Circuit City, the struggling Big Box electronics retailer, announced earlier this week that it will be closing some 20% of its North American stores in an effort to regain profitability. It will shutter 155 of its 700 stores and lay off about 17% of its workforce.
But wait! If it's closing stores, doesn't that mean great bargain hunting? Not at all. The Consumerist lays out the ugly truth about liquidation sales -- that contrary to public perception, there are generally few real deals to be had at such events.
What typically happens when a store goes into liquidation is that a third-party is hired to organize the actual sale. Think of a liquidation company as a junkyard dog; mean, ugly, and not inclined to give *anyone* a deal.
Valuable inventory will be moved to other stores. Remaining inventory won't be subject to discounts, nor necessarily priced cheaper than what a watchful consumer could find elsewhere. What inventory there is will be marked down 5 to 10% every week until some sucker, er, some consumer, decides to take it off their hands.
I suppose Circuit City has fans. I've never met any of them, myself. And in fact the handful of times I've even ventured into the Big Box store that sprang up last year in my neighborhood, I had to search the empty aisles for employees to help me. When I found one, it was only to verify that no, in fact, they did not carry the common item I was looking for.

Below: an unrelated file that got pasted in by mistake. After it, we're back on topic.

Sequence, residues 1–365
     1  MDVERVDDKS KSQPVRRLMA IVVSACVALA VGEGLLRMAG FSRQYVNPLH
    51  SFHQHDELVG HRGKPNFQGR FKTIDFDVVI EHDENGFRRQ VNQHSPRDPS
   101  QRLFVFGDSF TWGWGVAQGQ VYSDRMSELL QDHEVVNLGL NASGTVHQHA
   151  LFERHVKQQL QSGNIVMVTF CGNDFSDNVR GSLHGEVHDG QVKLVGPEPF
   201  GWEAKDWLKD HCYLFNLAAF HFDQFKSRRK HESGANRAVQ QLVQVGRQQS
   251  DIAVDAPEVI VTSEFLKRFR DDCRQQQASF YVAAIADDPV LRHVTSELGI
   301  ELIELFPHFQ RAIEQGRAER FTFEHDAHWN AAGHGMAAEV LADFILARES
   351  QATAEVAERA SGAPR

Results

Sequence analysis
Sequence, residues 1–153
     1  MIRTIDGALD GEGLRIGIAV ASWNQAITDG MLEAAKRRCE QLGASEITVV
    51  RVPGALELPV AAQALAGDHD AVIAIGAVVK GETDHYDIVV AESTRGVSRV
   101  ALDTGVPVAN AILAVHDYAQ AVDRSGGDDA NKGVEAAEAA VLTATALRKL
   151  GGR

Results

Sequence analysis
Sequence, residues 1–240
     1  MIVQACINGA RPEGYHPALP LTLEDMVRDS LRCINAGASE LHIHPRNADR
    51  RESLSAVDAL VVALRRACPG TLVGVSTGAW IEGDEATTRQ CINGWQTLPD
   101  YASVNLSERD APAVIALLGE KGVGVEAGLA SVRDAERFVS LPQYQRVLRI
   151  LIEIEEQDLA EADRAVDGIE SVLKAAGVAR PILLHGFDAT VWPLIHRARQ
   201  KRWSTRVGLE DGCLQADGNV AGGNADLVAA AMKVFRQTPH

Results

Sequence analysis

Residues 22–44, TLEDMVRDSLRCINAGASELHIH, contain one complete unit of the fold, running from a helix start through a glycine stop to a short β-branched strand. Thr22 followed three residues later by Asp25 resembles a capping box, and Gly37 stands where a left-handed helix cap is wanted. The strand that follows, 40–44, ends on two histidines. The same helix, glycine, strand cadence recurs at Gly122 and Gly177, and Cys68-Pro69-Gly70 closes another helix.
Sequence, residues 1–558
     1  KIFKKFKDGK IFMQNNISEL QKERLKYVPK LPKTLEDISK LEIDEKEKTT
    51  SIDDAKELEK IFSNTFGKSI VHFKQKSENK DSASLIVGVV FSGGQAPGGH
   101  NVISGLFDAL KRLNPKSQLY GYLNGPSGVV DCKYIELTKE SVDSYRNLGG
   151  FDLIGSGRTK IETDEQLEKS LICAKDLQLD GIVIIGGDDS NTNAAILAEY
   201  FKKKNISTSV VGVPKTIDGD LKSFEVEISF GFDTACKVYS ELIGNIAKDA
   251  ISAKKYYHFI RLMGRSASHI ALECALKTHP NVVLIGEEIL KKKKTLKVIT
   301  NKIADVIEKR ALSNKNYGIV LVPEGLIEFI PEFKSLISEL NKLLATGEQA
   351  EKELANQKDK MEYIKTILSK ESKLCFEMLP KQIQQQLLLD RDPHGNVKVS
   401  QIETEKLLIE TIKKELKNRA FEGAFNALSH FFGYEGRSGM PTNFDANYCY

The store committed PR suicide when in March 2007 it fired some 3700 "overpaid" senior workers and replaced them with cheaper hires. Since then it's been in a death spiral, and the sudden screeching halt of consumer spending has dealt it its mortal blow.
I say good riddance. Maybe the freelance copper and wood scrappers can help the company break down its stores. They work for cheap!
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